Grand strategy and murders are not necessary to spark our interest in other people’s lives. If Jean were to ask me to help him woo Annette, I’d be happy to play Cyrano de Bergerac and effectively enjoy a second-order “dating sim.” In PullString’s Humani: Jessie’s Story , I can chat on Facebook with Jessie, my fictional best friend, helping her out with moving, finding a new job and a boyfriend—all that without moving from my keyboard. Social simulations like The Sims series or Prom Week  provide great foundations for expanded meddling games about matching or breaking up a pair, mending friendships, learning something about someone or transmitting information down a social chain.
There seems to be a number of varied gameplay scenarios that would make interesting use of the notion of subjective interface. Some games like SimHamlet or Humani even leverage it as core mechanic. For a fuller implementation of the idea, one would however hope to go beyond pre-scripted interactive fiction or chatbots—having computationally modeled characters that could generate representations of dynamic, procedural simulations. This implies a number of technical challenges. Let’s walk through them with a simple, minimal example: imagine playing Chess via subjective interfaces, that is: having the pieces tell you about the game state.
First, one needs a simulated world. This does not represent a major difficulty: Chess has been computationally modeled since the early days of computing, and many modern games feature much more complex and deep simulations. The next step is having characters that are also computationally modeled to perceive and make sense of their simulated world in “subjective” ways. Interactive storytelling and agent-based AI research exists on such topics, such as Ryan et al.  or Carvalho et al.  for example. In the case of Chess, a pawn could perceive that eating that other pawn would be a good move for the team but also that this would mean being eaten back the next turn, and thus choose to recommend a course of action that would not lead to that effect.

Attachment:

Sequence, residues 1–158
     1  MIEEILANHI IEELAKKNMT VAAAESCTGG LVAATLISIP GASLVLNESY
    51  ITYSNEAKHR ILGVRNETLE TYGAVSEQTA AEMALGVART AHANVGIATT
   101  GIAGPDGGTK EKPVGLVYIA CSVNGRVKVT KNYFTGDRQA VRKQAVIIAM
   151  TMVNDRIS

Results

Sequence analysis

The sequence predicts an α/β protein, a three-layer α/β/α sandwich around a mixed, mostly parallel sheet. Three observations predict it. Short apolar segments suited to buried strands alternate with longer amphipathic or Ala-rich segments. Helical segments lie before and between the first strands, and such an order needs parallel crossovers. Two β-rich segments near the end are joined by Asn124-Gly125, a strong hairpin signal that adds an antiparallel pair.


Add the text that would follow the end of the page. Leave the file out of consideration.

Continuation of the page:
Having the pawn talk is the next problem. Considering the combinatorial explosion of possible Chess states, an author could never write in advance all the possible lines that could be said by a pawn about its current situation. This is where some form of natural-language generation seems to be needed. Fortunately, there is also interesting current research done on similar problems such as Berhooz et al.  and Ryan et al. .
The last issue is providing users with an interface to meaningfully interact with the subjective interfaces. Natural-language understanding (NLU) seems an obvious choice but it’s neither fully functional as of yet and not suited for all game playing situations (see  for a discussion). It is also an issue to script a NLU technology to understand player inputs referring to events and objects that might have been generated at runtime and did not exist at the time of authoring. It’s likely that tailored input schemes might be best to suit specific game designs.
By proposing the notion of “subjective interface”, this paper highlights the unique voice of “talkable” NPCs as situated at the intersection of narrative, interface and games (none of those things being able to entirely account for the phenomenon by itself). Reframing and zooming in on forms of interactions that exist here and there as supporting role to larger gaming or interactive fiction experiences, we identify promising new approaches to emergent storytelling, implicating players in non-trivial interaction through conversation.
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 For more on this, see Booth’s concept of unreliable narrator .